This book about an unlikely, rag-tag high school baseball team has drawn inevitable comparisons to the Hollywood basketball movie Hoosiers, and rightly so. There are definite similarities, including the always-gripping David vs. Goliath plot. While Hoosiers was mostly true with some fictionalization, One Shot At Forever is a completely true story, pieced together by Chris Ballard through research and extensive interviews. Ballard is a great storyteller who brings the characters to life and instantly makes you a fan of the 1971 Macon High School Ironmen. At that time in Illinois, there were no sports class divisions, so if your school had 100 students, they were pitted against schools that had 5000 when competing for the state title. The Ironmen were led by Lynn Sweet, the reluctant, long-haired, hippie coach who announced at the first practice that he didn’t have many rules, and that practice was optional. He felt that his team should be playing to have fun, and if it wasn’t fun anymore, they shouldn’t play at all. He was more psychologist and mentor than coach, and the kids loved him. I loved this book; it is one of the best I have read all year.
On the surface, Pure seems to be just another in the long line of dystopias that has emerged post-Hunger Games. But Pure gets big points for its originality. The post-apocalyptic world has arisen due to what is referred to as the Detonations. Those that survived the blasts intact live in the Dome, a sterile sanctuary, but those outside of this protected area were obviously not so lucky. They were changed by the blasts, often in gruesome and disfiguring ways. They fused with whatever was around them when the blasts happened, and the young protagonist, Pressia, shows this. She has a doll’s face fused to the end of her arm. Others have fused with objects, animals, or other people, all of which causes them to have a natural disdain for those living unharmed in the Dome. When Partridge, a dome-dweller, and Pressia are forced together by circumstance, their worlds collide. They work together to reveal the truth about what happened to cause all of this. This is an original take on the now-common dystopia novel.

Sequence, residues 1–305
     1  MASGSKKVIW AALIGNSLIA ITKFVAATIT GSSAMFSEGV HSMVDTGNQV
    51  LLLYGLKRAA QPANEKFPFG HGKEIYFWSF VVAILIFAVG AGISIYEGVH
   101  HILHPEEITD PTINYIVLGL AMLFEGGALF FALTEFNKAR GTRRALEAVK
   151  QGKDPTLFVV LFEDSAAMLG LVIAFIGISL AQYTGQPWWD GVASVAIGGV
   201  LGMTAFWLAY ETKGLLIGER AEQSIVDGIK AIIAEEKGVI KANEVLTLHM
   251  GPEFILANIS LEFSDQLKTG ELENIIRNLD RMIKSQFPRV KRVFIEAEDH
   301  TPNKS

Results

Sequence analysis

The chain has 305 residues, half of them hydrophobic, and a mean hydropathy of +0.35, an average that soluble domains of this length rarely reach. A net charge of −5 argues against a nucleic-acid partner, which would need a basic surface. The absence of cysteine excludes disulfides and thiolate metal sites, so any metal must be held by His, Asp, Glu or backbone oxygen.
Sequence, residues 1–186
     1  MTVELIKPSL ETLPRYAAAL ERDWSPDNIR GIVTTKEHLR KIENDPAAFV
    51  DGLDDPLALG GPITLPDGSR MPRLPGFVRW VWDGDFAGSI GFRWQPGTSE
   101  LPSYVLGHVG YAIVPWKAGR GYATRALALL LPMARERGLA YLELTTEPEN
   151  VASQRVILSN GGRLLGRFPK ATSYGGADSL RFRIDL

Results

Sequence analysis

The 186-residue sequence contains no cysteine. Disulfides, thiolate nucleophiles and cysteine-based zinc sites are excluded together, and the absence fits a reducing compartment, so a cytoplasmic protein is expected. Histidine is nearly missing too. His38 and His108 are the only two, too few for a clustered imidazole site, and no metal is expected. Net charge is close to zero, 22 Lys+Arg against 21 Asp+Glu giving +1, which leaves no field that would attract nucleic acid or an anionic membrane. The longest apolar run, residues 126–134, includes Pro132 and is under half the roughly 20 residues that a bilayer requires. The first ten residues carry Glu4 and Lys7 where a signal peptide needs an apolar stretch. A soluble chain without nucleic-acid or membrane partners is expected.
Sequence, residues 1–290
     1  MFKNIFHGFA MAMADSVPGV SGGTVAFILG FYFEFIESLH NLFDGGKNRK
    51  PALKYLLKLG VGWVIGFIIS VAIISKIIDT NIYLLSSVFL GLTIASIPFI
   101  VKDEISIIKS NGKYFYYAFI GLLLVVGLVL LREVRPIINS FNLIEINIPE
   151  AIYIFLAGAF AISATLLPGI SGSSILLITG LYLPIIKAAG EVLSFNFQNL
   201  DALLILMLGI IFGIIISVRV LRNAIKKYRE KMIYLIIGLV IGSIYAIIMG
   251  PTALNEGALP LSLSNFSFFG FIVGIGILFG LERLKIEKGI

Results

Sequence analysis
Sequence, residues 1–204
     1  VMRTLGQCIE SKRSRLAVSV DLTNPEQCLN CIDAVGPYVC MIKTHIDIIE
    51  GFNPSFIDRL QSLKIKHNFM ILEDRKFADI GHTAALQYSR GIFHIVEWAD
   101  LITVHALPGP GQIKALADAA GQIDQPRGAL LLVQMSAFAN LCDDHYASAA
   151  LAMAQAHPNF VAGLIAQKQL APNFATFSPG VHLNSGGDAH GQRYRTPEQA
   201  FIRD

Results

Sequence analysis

This is a beautifully-written, multi-layered, coming-of-age, sparkling debut novel, and also one of my favorite of the year (I almost didn’t have enough hyphens and commas for that sentence, and interestingly enough, there are many more adjectives to describe this book!). The setting is the 80s, at the onset of the AIDS epidemic. June Elbus is growing up with many of the same problems teens encounter; finding her place in the world, arguing with her older sister, and being embarrassed by her parents. June can always find refuge in her relationship with her uncle, Finn, a famous artist. Finn is dying of AIDS, and this obviously impacts June immensely. As if being a teen isn’t hard enough, June has to deal with very heavy situations and circumstances. The author brings the reader to contemplate love in all of its forms, and the result is powerful. This is a heartbreakingly sad, yet hopeful book that I cannot recommend enough.